We had better finish off with a pancake recipe – and who better than Monica Sheridan to provide a traditional Irish one?

Oh! Do I hear you asking where Licking the Lizard comes into all this? Here is Kevin Danaher to round things off:

…There was a common belief that to lick a lizard endowed the tongue with a cure for burns and scalds; this was especially effective if the lizard was licked on Shrove Tuesday…

hare with dog

Monica Rides Again

My well-thumbed copy

My well-thumbed copy

Last year I decided to make Christmas cake according to Monica Sheridan’s recipe, which I remembered from my childhood. A comment from a reader got me curious about her other Christmas recipes and I got out my dog-eared copy of My Irish Cook Book to look up how to make a traditional plum pudding. Fatal mistake! Instead of cracking eggs and and soaking fruit I have been chuckling over the book and insisting that Robert listens as I read bits out loud.

I have already posted about Monica’s Kitchen and the delights it contains. The audience for that book was the modern Irish home cook (assumed to be female) of the 1960s. Written for the American market, My Irish Cook Book focusses on traditional Irish foods and recipes. The emphasis is on fresh ingredients and fairly simple cooking methods – the kind of thing we call Slow Food nowadays. But because it’s about Irish food it is also an extended piece of nostalgia, replete with dewy-eyed memories of her childhood and her trademark stories and trenchant wit.

Monica's great-grandmother's kitchen would have looked like this

Monica’s great-grandmother’s kitchen would have looked like this

The book starts with an essay on the cooking traditions of her family, from her great-grandmother cooking stews in a bastable oven over an open fire, to her grandmother (who actually had running water from a tap!) to her mother who continued to churn her own butter, cure her own bacon, bake her own bread and make the most outlandish hats with feathers purloined from the cock.

Or this

Or this

Her soup chapter begins thus:

The Geography we learn at school tells us that Ireland has a moderate climate, warmed by the Gulf Stream without any great variations of temperature either in summer or winter. This is a flagrant piece of Celtic exaggeration…

You wouldn’t be long in Ireland before realising that soup is an essential part of our daily fare. Like whiskey it is our internal central heating, raising the temperature of the body and thawing out the gastric juices so that they will be receptive to the delights that are to follow. Remember, in Ireland, except in the cities, domestic central heating is still a rarity (we are a credulous people and believe what we read in the geography books). We need soup to warm us.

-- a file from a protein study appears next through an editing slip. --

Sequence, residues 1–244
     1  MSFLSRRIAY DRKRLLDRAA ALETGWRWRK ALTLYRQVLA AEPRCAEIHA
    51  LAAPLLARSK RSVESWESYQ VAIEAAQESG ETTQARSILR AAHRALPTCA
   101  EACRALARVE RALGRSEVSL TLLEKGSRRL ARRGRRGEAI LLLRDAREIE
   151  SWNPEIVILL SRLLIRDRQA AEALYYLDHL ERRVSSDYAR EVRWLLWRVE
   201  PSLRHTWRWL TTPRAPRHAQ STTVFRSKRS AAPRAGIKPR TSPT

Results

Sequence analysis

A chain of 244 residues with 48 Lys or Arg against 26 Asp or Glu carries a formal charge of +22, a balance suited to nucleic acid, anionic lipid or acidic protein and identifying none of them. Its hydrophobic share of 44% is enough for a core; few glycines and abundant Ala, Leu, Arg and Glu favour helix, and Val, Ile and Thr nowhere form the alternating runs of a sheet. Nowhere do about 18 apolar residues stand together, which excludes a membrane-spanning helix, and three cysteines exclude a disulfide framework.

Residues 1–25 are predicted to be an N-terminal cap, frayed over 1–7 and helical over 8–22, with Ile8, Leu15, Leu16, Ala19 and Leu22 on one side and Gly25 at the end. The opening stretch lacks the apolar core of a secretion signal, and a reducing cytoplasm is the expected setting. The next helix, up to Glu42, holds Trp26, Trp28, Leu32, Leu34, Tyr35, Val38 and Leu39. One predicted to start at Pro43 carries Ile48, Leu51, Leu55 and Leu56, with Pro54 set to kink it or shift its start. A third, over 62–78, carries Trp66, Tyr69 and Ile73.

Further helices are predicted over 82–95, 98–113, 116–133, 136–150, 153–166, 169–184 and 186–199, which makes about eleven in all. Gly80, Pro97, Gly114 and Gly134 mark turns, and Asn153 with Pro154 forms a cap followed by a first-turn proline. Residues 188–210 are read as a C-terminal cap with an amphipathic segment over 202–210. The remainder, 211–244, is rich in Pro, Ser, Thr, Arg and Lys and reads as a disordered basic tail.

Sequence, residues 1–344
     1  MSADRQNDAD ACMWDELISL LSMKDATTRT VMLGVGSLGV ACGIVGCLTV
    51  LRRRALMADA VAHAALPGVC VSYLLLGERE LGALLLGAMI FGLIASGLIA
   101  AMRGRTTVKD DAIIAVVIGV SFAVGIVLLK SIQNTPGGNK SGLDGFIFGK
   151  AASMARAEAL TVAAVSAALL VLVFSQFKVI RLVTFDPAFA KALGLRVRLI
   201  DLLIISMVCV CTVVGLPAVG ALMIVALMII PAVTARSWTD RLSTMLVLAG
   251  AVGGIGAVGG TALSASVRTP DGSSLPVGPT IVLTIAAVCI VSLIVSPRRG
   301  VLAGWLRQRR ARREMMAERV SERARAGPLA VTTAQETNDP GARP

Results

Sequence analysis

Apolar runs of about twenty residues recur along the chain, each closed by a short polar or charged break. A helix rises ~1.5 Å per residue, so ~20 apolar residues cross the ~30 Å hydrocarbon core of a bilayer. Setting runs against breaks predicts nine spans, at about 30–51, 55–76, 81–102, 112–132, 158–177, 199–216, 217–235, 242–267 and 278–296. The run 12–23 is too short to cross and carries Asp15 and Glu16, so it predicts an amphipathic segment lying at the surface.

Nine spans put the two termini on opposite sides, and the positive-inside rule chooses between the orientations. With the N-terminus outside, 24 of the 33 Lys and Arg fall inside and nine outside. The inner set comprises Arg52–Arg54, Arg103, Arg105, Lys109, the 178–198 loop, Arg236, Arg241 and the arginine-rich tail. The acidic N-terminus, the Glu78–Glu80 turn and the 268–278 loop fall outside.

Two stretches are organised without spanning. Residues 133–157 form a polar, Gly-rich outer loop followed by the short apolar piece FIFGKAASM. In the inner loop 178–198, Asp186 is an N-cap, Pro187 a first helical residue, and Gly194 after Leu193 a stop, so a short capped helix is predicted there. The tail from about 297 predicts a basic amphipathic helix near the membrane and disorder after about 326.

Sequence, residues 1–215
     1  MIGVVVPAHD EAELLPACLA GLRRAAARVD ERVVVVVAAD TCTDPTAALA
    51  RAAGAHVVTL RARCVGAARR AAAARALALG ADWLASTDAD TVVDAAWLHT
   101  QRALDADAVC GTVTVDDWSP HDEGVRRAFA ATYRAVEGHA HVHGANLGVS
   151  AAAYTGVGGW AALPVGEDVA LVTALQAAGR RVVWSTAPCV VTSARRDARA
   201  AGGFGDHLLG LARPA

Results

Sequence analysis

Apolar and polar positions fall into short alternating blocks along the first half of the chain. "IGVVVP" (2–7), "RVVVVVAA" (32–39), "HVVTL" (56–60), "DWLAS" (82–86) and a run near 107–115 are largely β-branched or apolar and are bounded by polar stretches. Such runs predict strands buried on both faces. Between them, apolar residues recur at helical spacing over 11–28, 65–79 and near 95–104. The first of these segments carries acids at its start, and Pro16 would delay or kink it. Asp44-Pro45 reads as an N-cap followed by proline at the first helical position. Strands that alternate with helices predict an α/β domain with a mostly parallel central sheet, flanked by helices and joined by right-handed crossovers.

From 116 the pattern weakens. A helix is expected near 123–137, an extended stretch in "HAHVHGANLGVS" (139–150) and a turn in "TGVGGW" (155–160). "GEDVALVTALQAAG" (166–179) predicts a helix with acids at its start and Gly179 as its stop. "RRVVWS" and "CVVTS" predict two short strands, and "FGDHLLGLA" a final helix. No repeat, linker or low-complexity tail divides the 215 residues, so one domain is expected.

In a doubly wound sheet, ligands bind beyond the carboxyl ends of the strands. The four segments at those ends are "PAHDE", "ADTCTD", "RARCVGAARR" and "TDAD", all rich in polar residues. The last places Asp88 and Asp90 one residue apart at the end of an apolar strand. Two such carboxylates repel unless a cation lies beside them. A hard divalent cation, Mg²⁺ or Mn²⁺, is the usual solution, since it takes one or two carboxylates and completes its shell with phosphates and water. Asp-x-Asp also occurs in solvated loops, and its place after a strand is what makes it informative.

This chapter includes instructions for making a Nettle Tonic. This essentially involves boiling a pound of young nettles in water. Strain and drink a tumblerful, hot or cold, first thing in the morning. Guaranteed to put roses in your cheeks and a glint in your eye. Not pleasant, of course, but you must suffer to be beautiful.

This is the same pre-feminist era woman of Monica’s Kitchen: she gives the following directions for serving steak and fried onions. Carve the steak by cutting it in thick slices along the grain of the meat. Give a good slice of the fillet to your most important male guest (all men are knowledgeable about steak – all that expense-account eating, I’m sure) and never you mind about his wife. The chances are she is so delighted to be away from her own kitchen stove she won’t mind what she gets.

Seen at Cork's English Market

Seen at Cork’s English Market

There are lots of recipes for offal, and indeed as children we ate lots of organ meats – although I drew the line at tripe and my mother finally relented after an epic battle of wills. Kidneys, tongue, liver, sweetbreads, heads, brains, cheeks…all get a look in.

Some Cork specialties get special attention, like Skirts and Bodices. Bodices are pickled spareribs because they are like the boned bodices our grandmothers wore and skirts are the fluted trimmings that are cut away from the pork steak. Drisheens sound, er, appetising: They are made from sheep’s blood. In appearance they resemble a blown-up bicycle tyre, but they have a wonderful texture, like baked egg custard. Serve with butter, she recommends, flavoured with tansy. Crubeens, meanwhile, are pigs’ trotters. Crubeens should always be eaten with your fingers. They lose half of their magic if you attack them with a refined knife and fork. You will need a bath afterwards, of course, but their sweet savour is well worth the extra ablution.

From the Cork City website - a true Cork delicacy

From the Cork City website – a true Cork delicacy

She finishes the pork section with the following: I will tell you an interesting thing about ham. The true ham epicure will always look for the left ham of a pig. It is considered more tender and delicate. You see, the pig scratches himself with the right leg and consequently exercises it far more. So now you know!